No company is in a position to protect its own IT infrastructure one hundred percent from all conceivable threats. At least not at reasonable cost and if there are dependencies on systems from business partners and providers. That is why cyber resilience is of particular importance. The goal: a resilient IT infrastructure that effectively cushions the consequences of incidents.
The medium-sized manufacturing industry is characterised by a high degree of automation and deep integration with the production and supply chains of business partners - optimised performance through precisely controlled and networked processes. Digitalisation is the driving force behind this development and it requires a powerful IT infrastructure. At the same time, companies are becoming heavily dependent on this infrastructure. Even if only partial areas function to a limited extent, serious disruptions can occur. Process interruptions lead to failures in the production process, to dissatisfied customers and to additional costs.
It is simply impossible to protect oneself technically against all eventualities. The threat situation is at least as complex as the entire intricately interwoven system itself: For example, hacker attacks, ransomware attacks or data espionage have long been part of the daily routine of IT experts. In addition, power failures, technical problems at the provider or natural disasters can lead to disruptions. Not to mention human errors, technical defects and all kinds of other unforeseeable events. The conclusion is sobering: No, there can be no one-hundred-percent protection of sensitive to business-critical IT infrastructure. And yet there is a solution.
Cyber resilience involves a change of perspective: the focus is not on the threat itself, but on the consequences that a disruption would have on the company's activities. The goal is to mitigate these consequences and thus ensure nothing less than business continuity. Everything revolves around the question of how many disruptions a system can withstand before significant business damage occurs and what preventive measures should sensibly be taken.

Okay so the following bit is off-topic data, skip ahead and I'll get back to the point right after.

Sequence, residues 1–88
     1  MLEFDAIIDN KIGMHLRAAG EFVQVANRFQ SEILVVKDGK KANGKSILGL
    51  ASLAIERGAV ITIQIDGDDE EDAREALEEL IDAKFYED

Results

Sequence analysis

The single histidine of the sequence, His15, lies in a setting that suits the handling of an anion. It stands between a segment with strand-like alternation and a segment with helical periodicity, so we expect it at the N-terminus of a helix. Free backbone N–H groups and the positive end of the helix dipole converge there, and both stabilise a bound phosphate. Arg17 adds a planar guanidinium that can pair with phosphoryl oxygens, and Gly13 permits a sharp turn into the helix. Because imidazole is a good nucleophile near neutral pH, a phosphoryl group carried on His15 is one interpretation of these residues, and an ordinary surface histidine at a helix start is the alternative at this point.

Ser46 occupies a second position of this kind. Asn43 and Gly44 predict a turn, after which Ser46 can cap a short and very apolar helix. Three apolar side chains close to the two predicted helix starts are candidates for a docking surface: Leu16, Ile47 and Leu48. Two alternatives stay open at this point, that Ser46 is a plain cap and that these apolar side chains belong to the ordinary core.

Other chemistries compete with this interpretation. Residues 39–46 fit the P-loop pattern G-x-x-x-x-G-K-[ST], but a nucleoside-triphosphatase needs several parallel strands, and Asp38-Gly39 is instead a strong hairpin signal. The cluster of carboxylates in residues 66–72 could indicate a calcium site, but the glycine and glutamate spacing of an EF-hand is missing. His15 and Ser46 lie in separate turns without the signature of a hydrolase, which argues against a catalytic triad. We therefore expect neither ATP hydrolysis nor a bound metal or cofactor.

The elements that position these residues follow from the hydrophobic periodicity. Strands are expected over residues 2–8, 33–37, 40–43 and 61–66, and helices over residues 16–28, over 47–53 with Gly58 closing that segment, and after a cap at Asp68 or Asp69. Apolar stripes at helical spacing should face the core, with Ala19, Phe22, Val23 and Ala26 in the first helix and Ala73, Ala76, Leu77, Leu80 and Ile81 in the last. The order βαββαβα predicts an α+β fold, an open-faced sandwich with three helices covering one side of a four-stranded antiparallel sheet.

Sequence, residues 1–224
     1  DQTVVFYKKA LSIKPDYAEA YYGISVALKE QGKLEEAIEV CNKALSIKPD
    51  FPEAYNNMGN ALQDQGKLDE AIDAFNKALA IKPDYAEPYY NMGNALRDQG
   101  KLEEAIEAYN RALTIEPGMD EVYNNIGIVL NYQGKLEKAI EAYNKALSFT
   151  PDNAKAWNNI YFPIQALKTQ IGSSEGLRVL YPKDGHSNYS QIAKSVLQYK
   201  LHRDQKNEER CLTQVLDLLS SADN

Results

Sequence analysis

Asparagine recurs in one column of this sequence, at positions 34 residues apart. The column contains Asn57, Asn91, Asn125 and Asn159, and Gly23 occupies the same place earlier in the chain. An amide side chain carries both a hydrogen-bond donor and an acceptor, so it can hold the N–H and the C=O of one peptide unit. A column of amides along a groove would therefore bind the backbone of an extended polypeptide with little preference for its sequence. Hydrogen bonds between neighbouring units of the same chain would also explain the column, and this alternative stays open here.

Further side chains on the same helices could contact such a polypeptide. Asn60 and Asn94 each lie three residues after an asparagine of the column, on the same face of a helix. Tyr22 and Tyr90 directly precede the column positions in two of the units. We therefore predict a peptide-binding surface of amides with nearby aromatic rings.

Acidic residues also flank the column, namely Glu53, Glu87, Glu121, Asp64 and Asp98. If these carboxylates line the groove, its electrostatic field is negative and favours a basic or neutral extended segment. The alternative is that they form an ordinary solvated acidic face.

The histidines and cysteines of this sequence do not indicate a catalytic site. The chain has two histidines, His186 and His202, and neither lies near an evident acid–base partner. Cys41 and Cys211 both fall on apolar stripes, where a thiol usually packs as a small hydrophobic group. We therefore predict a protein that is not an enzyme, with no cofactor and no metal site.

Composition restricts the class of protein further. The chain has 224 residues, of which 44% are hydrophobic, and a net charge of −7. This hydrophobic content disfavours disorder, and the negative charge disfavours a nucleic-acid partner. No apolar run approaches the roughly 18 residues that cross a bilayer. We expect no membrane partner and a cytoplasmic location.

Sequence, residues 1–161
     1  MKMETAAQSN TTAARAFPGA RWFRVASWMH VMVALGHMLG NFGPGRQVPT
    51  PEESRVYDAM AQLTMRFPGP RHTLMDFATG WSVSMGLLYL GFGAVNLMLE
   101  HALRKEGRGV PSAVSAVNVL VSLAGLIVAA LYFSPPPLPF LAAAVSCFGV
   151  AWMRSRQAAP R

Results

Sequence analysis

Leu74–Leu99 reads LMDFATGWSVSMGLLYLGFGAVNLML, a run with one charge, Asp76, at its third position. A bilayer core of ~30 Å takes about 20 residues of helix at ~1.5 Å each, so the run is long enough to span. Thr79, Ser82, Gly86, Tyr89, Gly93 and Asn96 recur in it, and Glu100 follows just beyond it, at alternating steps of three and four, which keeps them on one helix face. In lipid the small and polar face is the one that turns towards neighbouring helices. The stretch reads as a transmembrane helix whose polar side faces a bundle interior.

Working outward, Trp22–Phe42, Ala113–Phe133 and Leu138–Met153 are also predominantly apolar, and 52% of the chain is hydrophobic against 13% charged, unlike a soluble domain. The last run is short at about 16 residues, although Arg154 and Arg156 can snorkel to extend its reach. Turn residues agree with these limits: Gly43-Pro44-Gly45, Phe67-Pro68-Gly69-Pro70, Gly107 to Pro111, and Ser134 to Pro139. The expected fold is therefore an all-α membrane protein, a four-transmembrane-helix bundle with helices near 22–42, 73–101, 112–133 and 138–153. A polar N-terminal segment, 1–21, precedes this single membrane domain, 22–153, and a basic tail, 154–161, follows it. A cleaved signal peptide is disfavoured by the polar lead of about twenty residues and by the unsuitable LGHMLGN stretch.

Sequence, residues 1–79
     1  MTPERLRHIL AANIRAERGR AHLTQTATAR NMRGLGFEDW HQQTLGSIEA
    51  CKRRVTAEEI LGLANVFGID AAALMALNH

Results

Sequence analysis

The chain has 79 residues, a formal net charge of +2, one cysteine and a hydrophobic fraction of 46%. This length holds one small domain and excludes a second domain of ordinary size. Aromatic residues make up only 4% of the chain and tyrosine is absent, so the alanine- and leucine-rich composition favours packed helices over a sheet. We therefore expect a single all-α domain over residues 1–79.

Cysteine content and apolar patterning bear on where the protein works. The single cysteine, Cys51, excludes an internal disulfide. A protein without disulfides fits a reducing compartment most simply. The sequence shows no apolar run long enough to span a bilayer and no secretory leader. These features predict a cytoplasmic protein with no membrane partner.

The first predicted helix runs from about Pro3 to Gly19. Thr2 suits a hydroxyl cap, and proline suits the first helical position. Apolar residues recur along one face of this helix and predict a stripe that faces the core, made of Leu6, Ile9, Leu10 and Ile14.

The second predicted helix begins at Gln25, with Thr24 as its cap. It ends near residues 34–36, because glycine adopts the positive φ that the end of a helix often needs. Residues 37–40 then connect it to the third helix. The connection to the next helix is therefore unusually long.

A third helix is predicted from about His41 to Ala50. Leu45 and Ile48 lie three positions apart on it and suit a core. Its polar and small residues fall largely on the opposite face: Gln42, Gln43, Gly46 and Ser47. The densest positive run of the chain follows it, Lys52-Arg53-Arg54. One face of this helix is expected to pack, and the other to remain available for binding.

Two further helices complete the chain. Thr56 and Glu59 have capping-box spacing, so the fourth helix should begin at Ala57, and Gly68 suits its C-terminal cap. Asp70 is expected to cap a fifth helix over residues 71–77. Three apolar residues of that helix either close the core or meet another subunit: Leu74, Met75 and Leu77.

Increasing cyber resilience is a process that cannot be implemented overnight and requires some fundamental considerations. For example, we recommend a comprehensive analysis of the threat situation, as this can vary greatly from company to company and from industry to industry. This is the basis for identifying the assets that are considered critical in your company. In addition, you should investigate the question of how disruptions actually affect the daily operational business. Only then can effective measures be discussed, checked for their cost-benefit ratio and finally implemented. Cyber resilience thus becomes a strategic component in everyday business for which you need a concept.
Precisely because the topic is complex and dependent on various individual factors, we have compiled extensive information and experience for you: In our whitepaper "Cyber Resilience - Resilience in the Digital Age", we address all relevant points in detail. We clarify what cyber resilience can achieve, how serious the threat situation really is for medium-sized manufacturing companies, how you can implement an as-is analysis in a structured manner and which typical fields of action there are to sustainably increase cyber resilience. The guide is available to you free of charge and without obligation.
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